[Haskell-cafe] "doctest" for haskell -- a good project?
shaun at cuttshome.net
Sat Mar 22 11:19:30 EDT 2008
Thanks for the quick responses. To elaborate on how doctests work in python:
(Background: in python functions, classes & modules are all "objects" --
having attributes as well as (for functions) the ability to run them. They
all have, in particular a documentation string associated with them. To get
at these doctest module just loads the module, then examines its contents,
looking for doc strings of contained functions & classes... so the language
itself provides introspection capabilities: a strong point of python. Maybe
Haskell should also have this :).)
Doctests in python are bits of code in documentation strings specially
annotated. In the docstring for a function "f", we might have (with
apologies for python function call syntax :)):
>>> f( foo )
This means: run f( foo ) and check that (the string representation of ) the
output is "bar".
You can put any code in docstring. In effect, the doctest module turns what
you have written into a little module, together with imports, etc.
For continuation lines on blocks of code the convention is:
... foo )
A blank line after a ">>>" line means that no output is expected (you
defined a function, for example).
If a blank line is part of the string representation of output, then it is
>>> f( foo )
If result has lots of text, you can use
>>> f( foo )
This is helpful, e.g. if f is a helper function that catches an exception
then prints it out; you don't want to check the resulting stack-trace --
just the part at the end about what exception was caught.
There are lots of other switches & options, but no need to copy all of the
details. (Anyway, by the time I get to worrying about them, I'll have my own
So Paul Johnson writes:
> You need to support QuickCheck and Hunit
In fact, at least in python, doctests are even more generic... They support
"anything" -- though
QuickCheck tests are also allowed. Does this approach seem ok/desirable here
A bit worrisome info from Paul:
> Haddock does not contain a full Haskell parser, which makes it difficult
to extend in a principled way (or maybe I'm just not a good enough
> I also looked at using the Haskell parser in the libraries, but that
doesn't capture comments.
> Associating a comment with a particular construct is not that simple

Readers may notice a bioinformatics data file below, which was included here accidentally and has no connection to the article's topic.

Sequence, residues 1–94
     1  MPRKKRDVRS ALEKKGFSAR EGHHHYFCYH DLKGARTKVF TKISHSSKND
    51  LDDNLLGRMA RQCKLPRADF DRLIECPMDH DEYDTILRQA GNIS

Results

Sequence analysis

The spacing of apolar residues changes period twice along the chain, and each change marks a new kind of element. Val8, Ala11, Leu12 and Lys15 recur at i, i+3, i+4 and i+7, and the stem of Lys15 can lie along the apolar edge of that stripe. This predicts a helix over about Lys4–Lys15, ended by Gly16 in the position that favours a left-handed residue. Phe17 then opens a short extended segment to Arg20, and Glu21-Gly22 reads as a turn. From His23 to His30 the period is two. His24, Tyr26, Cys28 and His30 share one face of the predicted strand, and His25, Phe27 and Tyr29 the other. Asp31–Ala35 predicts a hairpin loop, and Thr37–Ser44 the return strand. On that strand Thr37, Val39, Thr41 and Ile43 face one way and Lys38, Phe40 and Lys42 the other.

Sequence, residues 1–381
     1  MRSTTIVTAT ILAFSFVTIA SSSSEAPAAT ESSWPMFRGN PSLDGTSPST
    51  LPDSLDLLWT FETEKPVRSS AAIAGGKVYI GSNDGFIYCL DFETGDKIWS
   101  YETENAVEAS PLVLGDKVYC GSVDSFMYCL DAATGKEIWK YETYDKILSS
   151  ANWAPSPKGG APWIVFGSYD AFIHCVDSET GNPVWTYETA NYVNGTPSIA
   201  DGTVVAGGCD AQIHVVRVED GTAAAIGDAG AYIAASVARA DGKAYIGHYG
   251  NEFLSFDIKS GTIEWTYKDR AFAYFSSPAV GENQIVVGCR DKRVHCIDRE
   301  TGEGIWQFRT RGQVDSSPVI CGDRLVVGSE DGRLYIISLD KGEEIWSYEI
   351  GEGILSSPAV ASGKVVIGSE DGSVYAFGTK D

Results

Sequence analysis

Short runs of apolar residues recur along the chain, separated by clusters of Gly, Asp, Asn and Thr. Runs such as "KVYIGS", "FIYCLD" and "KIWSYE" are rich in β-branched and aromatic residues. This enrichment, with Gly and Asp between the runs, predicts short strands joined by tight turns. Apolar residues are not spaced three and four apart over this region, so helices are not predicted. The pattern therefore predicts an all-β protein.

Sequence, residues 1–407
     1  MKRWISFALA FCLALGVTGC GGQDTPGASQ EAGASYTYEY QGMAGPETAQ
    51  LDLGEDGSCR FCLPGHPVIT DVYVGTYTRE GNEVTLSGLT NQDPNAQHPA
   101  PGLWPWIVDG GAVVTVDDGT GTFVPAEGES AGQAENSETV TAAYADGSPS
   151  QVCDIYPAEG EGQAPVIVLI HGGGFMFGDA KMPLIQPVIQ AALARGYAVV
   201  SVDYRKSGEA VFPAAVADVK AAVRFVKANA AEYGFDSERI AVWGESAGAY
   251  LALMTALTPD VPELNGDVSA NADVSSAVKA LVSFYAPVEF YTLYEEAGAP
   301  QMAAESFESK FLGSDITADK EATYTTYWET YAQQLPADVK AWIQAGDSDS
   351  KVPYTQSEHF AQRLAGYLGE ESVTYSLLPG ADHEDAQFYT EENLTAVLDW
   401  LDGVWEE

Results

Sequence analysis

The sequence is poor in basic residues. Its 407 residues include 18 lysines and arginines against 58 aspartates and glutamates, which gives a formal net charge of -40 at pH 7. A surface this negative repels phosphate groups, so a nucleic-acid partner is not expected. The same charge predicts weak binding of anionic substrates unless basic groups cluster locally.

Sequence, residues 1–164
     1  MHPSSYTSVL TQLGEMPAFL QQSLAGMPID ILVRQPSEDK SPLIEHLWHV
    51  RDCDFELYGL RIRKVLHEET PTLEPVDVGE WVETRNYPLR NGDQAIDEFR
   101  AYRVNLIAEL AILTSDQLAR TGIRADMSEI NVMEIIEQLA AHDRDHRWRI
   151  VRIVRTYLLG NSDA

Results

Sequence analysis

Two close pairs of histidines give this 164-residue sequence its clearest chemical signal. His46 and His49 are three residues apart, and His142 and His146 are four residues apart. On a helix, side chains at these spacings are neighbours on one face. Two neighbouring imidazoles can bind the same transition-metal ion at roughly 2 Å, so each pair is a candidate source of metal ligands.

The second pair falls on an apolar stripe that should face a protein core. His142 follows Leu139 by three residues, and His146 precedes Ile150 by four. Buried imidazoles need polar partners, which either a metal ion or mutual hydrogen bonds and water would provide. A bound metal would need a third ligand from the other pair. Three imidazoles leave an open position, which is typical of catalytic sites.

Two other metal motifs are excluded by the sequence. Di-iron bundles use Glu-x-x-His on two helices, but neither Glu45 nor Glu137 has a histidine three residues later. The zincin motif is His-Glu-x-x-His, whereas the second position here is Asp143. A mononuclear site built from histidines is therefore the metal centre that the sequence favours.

Hmm... this makes me think that the first thing would be for me to put in an
option to capture comments in the parse tree in the parser. Then Paul and
crew would hack the parser's use into Haddock. Then I'd extend Haddock to
How about that?
Or actually I think its overkill. If I can hook into the processing of the
comment (presumably only extended comments), I can piece together a fake
"module". The "..." convention means I should know how to stitch together
expressions without having to understand them. One problem is checking the
"output" of an expression. If an expression has output, it would seem I
should throw in a test (using QuickCheck?). Hmmm.
> -----Original Message-----
> From: Thomas Schilling [mailto:nominolo at googlemail.com]
> Sent: Saturday, March 22, 2008 9:54 AM
> To: Neil Mitchell
> Cc: Don Stewart; Shaun Cutts; haskell-cafe at haskell.org
> Subject: Re: [Haskell-cafe] "doctest" for haskell -- a good project?
> On 22 mar 2008, at 13.17, Neil Mitchell wrote:
> > Hi
> >> One idea that does strike me is that it would be super useful to
> >> have the ability in ghci to extract the haddocks
> associated with a
> >> function.
> >>> :doc map
> >> would result in:
> >> -- | 'map' @f xs@ is the list obtained by applying
> @f@ to each
> >> element
> >> -- of @xs@, i.e.,
> >> --
> >> -- > map f [x1, x2, ..., xn] == [f x1, f x2, ..
> >> -- > map f [x1, x2, ...] == [f x1, f x2, ...]
> > That will be in Hoogle 4, as it does already directly
> relate to what
> > Hoogle has to do.
> > As for doctest, i think that could be implemented as a
> --warn flag to
> > Haddock, and might be a useful thing to have. For example
> "90% of the
> > base library has documentation, please go add documentation to
> > 'sinh'", as a warning message.
> Though that would be a nice feature, too, I think you
> misunderstood what a doctest is.
> A doctest is a unit test in the documentation. This way it
> serves as
> a usage example as well as a formal specification of the semantics.
> I think we already have some way to run quickchecks inside
> documentation, but I can't remember what it was that could do that.
> / Thomas
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